Werkzeuge Christian Metz died in 1867 and Barbara Heinemann Landmann in 1883. No other “inspired instruments or leaders” came forth in Amana after that time, although the colonies continued to exist and thrive. Elders and trustees kept things running, but they did not have the same respect as the werkzeuge did–after all, the elders and trustees were appointed by humans, not divinely inspired by God. This did not cause the end of the communal way of life, although it undoubtedly contributed. “People had been planning for a reorganization for some time but the final change came June 1, 1932. The reorganization is often referred to by Amana people as “The Great Change.” There were numerous reasons to change the structure of the business and social system. There had been a disastrous fire in 1923 which destroyed the flour and woolen mills in Amana, causing substantial loss of capital. Young people were leaving the community in order to find better jobs and get a higher education. 1932 marked the third year of the Great Depression — orders for woolen goods and farm items were being canceled. Most importantly, the religious and economic life of the community was separated. The Amana Church continued to be the religious focus of the community and the Amana Society Corporation guided the business activities. People were given shares of stock in the corporation which they could sell if they wished. Some purchased cars and homes and other necessities of a non-communal lifestyle. A high-school was built so that children could continue their education. People began to work for wages, cook their own meals, and individualize their homes.”vii
Amana continues today, probably in large part as a tourist attraction. Many of the things that made the colonies thrive in their heyday now attract visitors: delicious food, wine and beer, German ambience, beautifully crafted items, museums celebrating the heritage, etc. Church services very similar to the original are conducted in German and English, with visitors welcome. A canal dug over a period of two years of very hard labor, 1865-1867, “furnished direct water power for [two] woolen mill[s]…for a cereal meal, a print shop for calico cloth, a starch factory, saw mills, machine shops, millright shops and threshing machines.”viii Although these industries no longer operate on water power, the woolen goods they produce, in particular, are still highly prized. And now this is a “hot spot” for fishing! The building now seen by this canal is Amana Refrigeration. It was begun by the Amana Society Corporation after the “great change,” and introduced a number of firsts over the years: first upright deep freezer (1947), first side-by-side refrigerator (1949), first bottom freezer (1957), first consumer microwave (1967), first clothes drier with a stainless-steel drum (1992), first refrigerator with a dry-erase surface (2007), etc. It is still in operation, but since 1965 is no longer owned by the Amana Society. Enjoy the pictures of Amana below….maybe you’ll want to visit it one day!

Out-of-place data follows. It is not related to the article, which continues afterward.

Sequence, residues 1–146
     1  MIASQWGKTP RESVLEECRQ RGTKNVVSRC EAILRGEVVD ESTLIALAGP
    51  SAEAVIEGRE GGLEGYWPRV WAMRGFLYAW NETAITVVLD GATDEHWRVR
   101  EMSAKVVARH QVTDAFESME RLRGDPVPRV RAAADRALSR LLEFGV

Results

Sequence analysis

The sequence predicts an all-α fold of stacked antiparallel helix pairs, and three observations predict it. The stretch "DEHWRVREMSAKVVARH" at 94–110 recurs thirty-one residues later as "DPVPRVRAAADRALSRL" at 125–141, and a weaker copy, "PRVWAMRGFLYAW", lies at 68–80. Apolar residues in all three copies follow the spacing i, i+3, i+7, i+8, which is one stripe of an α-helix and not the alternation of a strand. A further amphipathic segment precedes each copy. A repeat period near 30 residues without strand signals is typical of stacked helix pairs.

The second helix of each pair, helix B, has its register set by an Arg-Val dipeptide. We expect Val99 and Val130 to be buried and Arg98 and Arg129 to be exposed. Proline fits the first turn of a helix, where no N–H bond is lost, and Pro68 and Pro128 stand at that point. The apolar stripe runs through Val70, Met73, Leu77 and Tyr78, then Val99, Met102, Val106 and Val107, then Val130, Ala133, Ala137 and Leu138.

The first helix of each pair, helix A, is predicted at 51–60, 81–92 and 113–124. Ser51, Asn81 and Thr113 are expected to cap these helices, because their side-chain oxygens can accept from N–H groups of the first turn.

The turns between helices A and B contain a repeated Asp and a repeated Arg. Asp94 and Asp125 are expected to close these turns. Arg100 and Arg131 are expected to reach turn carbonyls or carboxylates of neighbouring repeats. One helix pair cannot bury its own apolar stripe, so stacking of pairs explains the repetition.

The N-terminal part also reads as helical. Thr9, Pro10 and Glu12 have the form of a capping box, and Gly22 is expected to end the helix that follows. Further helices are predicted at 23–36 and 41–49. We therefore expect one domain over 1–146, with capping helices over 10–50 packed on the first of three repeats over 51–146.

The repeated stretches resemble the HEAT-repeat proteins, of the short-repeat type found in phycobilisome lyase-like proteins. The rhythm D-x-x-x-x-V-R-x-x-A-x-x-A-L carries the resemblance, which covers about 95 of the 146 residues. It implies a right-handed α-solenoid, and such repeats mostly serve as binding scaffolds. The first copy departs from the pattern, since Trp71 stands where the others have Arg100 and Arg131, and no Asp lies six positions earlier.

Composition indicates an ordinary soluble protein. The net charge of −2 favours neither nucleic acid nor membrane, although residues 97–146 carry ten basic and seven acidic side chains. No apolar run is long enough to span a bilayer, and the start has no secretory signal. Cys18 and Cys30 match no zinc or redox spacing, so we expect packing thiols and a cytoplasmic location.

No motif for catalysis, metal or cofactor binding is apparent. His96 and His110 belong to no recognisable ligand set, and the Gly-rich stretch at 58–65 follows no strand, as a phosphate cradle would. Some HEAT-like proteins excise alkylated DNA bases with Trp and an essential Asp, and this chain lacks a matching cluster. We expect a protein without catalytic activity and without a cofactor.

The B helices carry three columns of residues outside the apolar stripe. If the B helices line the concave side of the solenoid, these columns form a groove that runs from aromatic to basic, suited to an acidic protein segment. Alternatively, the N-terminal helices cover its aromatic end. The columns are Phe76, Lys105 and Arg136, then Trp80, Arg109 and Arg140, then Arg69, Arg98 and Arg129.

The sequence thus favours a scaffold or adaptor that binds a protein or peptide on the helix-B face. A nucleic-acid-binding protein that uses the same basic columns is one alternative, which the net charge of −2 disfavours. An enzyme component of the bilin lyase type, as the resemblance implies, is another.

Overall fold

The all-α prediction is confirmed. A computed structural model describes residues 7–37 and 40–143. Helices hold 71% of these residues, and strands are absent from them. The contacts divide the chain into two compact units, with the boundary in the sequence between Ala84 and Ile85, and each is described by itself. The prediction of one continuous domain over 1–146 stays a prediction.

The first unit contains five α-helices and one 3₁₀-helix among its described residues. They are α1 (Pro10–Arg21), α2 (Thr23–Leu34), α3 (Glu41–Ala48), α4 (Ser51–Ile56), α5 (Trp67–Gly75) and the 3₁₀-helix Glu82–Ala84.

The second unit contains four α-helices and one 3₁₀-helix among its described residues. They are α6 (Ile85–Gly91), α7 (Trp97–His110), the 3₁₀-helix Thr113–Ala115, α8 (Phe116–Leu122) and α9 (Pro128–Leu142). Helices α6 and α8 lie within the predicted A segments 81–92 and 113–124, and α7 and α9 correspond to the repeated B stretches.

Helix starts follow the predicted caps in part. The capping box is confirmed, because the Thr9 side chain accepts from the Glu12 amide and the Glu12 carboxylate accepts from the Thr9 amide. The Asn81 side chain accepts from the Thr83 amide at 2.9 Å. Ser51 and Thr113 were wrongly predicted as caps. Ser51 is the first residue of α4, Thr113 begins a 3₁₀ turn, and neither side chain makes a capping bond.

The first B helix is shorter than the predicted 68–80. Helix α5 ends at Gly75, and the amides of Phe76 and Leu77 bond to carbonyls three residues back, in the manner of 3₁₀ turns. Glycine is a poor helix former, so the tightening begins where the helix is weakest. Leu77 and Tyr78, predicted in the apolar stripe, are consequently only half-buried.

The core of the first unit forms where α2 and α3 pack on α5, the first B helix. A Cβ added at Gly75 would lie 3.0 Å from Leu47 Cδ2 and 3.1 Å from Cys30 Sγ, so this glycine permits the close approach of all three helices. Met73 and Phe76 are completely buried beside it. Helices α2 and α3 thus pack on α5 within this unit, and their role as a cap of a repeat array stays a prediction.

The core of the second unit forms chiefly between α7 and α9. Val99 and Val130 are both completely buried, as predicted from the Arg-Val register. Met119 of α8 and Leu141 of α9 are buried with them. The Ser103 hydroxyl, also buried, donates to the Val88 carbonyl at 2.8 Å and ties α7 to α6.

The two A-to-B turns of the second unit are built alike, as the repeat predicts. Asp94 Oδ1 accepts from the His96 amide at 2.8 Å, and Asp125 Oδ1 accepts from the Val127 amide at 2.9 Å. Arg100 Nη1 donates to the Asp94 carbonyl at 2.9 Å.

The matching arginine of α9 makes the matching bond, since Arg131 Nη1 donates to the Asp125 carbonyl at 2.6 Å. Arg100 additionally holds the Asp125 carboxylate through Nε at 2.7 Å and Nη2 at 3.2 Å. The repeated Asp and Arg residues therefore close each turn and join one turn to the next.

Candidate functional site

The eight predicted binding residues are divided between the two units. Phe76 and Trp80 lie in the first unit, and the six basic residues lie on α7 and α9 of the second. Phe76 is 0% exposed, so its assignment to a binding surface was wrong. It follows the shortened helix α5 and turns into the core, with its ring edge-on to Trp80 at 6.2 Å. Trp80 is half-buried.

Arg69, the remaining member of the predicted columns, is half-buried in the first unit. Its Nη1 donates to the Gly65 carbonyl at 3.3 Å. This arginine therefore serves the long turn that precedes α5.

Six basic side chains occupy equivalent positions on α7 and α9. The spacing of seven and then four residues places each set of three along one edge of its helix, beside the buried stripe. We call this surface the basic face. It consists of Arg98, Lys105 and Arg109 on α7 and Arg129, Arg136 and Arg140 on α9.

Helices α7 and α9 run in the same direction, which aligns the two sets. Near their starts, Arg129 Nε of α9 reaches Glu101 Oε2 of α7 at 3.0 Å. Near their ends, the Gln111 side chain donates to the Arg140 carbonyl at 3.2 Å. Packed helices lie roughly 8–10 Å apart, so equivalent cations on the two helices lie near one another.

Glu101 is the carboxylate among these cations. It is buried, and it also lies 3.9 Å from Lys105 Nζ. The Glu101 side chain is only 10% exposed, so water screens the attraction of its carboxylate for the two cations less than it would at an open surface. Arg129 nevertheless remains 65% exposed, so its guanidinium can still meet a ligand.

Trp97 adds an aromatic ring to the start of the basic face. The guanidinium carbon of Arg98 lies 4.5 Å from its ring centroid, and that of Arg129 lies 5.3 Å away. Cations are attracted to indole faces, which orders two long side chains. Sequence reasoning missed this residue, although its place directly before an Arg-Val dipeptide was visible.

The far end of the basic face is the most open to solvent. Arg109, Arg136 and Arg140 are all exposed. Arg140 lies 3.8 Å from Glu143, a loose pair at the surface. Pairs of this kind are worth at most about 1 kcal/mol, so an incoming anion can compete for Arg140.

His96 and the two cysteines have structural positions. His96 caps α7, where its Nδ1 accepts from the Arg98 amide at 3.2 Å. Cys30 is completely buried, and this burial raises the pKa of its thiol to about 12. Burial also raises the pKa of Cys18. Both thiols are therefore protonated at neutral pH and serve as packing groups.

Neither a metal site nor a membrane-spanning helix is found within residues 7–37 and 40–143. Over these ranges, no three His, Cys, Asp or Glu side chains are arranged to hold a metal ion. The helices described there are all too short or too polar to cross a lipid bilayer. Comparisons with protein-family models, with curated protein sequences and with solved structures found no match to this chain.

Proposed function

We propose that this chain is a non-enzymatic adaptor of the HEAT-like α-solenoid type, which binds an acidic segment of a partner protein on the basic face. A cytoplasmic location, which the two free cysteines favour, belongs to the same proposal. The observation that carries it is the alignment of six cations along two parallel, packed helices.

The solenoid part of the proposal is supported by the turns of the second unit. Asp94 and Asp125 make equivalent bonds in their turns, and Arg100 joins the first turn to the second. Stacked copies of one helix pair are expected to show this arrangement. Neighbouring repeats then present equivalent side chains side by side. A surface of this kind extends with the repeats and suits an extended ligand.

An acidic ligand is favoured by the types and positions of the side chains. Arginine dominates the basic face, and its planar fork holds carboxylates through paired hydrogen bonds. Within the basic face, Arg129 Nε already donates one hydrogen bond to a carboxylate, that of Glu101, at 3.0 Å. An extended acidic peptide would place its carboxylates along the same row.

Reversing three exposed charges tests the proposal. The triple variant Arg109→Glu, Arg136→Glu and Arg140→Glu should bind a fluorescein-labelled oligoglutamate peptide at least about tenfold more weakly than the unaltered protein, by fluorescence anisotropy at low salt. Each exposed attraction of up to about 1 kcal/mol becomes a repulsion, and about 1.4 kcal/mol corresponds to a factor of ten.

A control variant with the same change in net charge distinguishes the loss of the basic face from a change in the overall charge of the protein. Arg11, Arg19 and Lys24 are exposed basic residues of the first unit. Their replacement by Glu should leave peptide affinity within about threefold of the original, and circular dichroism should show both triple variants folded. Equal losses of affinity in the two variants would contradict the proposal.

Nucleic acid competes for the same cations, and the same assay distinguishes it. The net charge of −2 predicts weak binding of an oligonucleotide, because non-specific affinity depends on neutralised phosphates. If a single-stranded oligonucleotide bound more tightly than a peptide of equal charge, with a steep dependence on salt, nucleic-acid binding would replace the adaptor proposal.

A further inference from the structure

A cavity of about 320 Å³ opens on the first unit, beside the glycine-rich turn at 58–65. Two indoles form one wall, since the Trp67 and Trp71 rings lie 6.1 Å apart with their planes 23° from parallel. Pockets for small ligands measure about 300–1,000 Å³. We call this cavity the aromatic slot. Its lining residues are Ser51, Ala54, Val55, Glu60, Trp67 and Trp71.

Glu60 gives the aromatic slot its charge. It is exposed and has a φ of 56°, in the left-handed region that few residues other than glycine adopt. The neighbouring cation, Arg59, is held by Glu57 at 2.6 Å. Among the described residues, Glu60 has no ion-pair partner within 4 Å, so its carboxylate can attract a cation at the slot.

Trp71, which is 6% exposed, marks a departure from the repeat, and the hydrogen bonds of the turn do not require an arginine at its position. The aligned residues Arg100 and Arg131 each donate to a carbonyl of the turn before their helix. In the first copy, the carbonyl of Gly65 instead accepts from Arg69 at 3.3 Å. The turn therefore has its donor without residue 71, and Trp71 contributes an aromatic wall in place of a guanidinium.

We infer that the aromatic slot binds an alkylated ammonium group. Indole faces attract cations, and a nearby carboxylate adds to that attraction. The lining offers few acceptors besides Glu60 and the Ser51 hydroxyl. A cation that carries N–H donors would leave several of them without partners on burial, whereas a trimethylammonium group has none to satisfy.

The Amanas Yesterday: Seven Communal Villages in Iowa. Historic Photographs collected by Joan Liffring Zug, with text edited by John Zug. Amana, IA: The Amana Society, 1975. (booklet located in CS 021-9, the Amana Colonies collection)
Hoehnle, Peter. “The Schools of the Amana Society, 1776-1932.” (Paper written for an independent study class May 8,1999, and located in CS 021-11, the Amana Colonies collection)
Richling, Barnett. “The Amana Society: a History of Change.” Palimpsest, v.58:no.2, March/April 1977, p. 34-47. (located in CS 021-5, the Amana Colonies collection)
ii Richling, p. 36
iii Richling, p. 34.
iv Amanas Yesterday (unpaged)
v Hoehnle, p. 12
vi Hoehnle, p. 15
vii Amana Colonies: Most Frequently
viii Amanas Yesterday (unpaged)